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Dumping
Dumping
Dumping
Dumping
Dumping
Dumping
Dumping
Dumping
Dumping
Dumping
Dumping
Dumping
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Dumping

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  • 1. D U M P I N G
  • 2.
    • Often, dumping is mistaken and simplified to mean cheap or low priced imports. However, it is a misunderstanding of the term.
    • On the other hand, dumping, in its legal sense, means export of goods by a country to another country at a price lower than its normal value.
    D e f i n i t i o n
  • 3.
    • Persistent Dumping - Dumping resulting from international price discrimination.
    • Predatory Dumping - is the ‘ temporary’ sale of a commodity at below cost or at a lower price abroad in order to drive foreign producers out of business, after which prices are raised abroad to take advantage of the newly acquired monopoly power.
    Forms of Dumping
  • 4.
    • Sporadic Dumping – It is the ‘ occasional’ sale of the commodity at below cost or at a lower price abroad than domestically in order to unload an unforeseen and temporary surplus of a commodity without having to reduce domestic prices.
  • 5.
    • Dumping can harm the domestic industry by reducing its sales volume and market shares, as well as its sales prices. This in turn can result in decline in profitability, job losses and, in the worst case, in the domestic industry going out of business.
    • Anti dumping is a measure to rectify the situation arising out of the dumping of goods and its trade distortive effect.
    E f f e c t s
  • 6.
    • The purpose of anti dumping duty is to rectify the trade distortive effect of dumping and re-establish fair trade. The use of anti dumping measure as an instrument of fair competition is permitted by the WTO.
    • So, anti dumping is an instrument for ensuring fair trade and is not a measure of protection for the domestic industry.
    Anti D u m p i n g
  • 7.
    • If the domestic industry is able to establish that it is being injured by the dumping, then antidumping duties are imposed on goods imported from the dumpers' country at a percentage rate calculated to counteract the dumping margin.
    • Advocates of free markets see "dumping" as beneficial for consumers and believe that protectionism to prevent it would have net negative consequences.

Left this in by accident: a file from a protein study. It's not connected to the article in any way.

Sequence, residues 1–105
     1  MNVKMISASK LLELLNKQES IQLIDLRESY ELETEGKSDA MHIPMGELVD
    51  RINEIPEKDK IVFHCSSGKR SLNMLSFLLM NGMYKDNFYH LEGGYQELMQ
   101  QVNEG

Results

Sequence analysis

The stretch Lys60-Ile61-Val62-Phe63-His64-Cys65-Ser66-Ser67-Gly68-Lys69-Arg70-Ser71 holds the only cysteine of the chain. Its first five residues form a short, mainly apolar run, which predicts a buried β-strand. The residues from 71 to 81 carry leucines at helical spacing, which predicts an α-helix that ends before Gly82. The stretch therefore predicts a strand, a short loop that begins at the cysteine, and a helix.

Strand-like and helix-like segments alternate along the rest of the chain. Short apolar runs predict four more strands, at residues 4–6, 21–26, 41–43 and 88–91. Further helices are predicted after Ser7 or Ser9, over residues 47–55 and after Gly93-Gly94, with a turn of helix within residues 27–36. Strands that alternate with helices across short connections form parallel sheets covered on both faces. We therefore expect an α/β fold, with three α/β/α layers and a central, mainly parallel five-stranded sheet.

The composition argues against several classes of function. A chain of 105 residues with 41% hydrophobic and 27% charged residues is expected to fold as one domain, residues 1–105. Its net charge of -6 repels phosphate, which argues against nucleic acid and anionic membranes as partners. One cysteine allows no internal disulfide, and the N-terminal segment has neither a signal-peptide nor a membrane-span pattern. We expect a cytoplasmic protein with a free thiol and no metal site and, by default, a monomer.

• 8.
    • There are different ways of calculating whether a particular product is being dumped heavily or only lightly. The agreement narrows down the range of possible options. It provides three methods to calculate a product’s “normal value”.
    • The main one is based on the price in the exporter’s domestic market.
    Investigation & Litigation
  • 9.
    • When this cannot be used, two alternatives are available — the price charged by the exporter in another country,
    • Or a calculation based on the combination of the exporter’s production costs, other expenses and normal profit margins.
  • 10.
    • Anti-dumping investigations are to end immediately in cases where the authorities determine that the margin of dumping is insignificantly small (defined as less than 2% of the export price of the product).
    • Other conditions are also set. For example, the investigations also have to end if the volume of dumped imports is negligible i.e. if the volume from one country is less than 3% of total imports of that product.
  • 11.
    • Although investigations can proceed if several countries, each supplying less than 3% of the imports, together account for 7% or more of total imports.
  • 12.
    • Japan was accused of dumping steel, television sets, and computer chips in the United States, and Europeans of dumping cars, steel and other products.
    • Most industrial nations (especially those of European union) have tendency of persistently dumping surplus agricultural commodities arising from their farm support programs.
    E x a m p l e s

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